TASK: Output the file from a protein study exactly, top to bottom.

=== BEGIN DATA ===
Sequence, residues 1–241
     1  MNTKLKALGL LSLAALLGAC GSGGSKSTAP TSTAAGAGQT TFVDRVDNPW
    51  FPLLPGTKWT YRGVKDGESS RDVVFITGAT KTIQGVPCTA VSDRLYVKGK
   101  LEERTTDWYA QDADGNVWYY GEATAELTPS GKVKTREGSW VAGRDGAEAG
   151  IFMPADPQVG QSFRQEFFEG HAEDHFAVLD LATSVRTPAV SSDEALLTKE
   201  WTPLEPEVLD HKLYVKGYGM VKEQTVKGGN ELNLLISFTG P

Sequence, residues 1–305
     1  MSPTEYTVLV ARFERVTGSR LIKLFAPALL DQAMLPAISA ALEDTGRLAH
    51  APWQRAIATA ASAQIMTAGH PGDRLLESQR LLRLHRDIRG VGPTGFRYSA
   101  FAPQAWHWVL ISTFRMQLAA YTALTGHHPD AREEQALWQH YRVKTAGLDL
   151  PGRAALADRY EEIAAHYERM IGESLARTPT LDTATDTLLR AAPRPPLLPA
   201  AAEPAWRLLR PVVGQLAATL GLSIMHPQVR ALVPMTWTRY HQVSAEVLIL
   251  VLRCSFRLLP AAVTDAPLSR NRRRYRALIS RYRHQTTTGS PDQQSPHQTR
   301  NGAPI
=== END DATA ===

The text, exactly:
Sequence, residues 1–241
     1  MNTKLKALGL LSLAALLGAC GSGGSKSTAP TSTAAGAGQT TFVDRVDNPW
    51  FPLLPGTKWT YRGVKDGESS RDVVFITGAT KTIQGVPCTA VSDRLYVKGK
   101  LEERTTDWYA QDADGNVWYY GEATAELTPS GKVKTREGSW VAGRDGAEAG
   151  IFMPADPQVG QSFRQEFFEG HAEDHFAVLD LATSVRTPAV SSDEALLTKE
   201  WTPLEPEVLD HKLYVKGYGM VKEQTVKGGN ELNLLISFTG P

Sequence, residues 1–305
     1  MSPTEYTVLV ARFERVTGSR LIKLFAPALL DQAMLPAISA ALEDTGRLAH
    51  APWQRAIATA ASAQIMTAGH PGDRLLESQR LLRLHRDIRG VGPTGFRYSA
   101  FAPQAWHWVL ISTFRMQLAA YTALTGHHPD AREEQALWQH YRVKTAGLDL
   151  PGRAALADRY EEIAAHYERM IGESLARTPT LDTATDTLLR AAPRPPLLPA
   201  AAEPAWRLLR PVVGQLAATL GLSIMHPQVR ALVPMTWTRY HQVSAEVLIL
   251  VLRCSFRLLP AAVTDAPLSR NRRRYRALIS RYRHQTTTGS PDQQSPHQTR
   301  NGAPI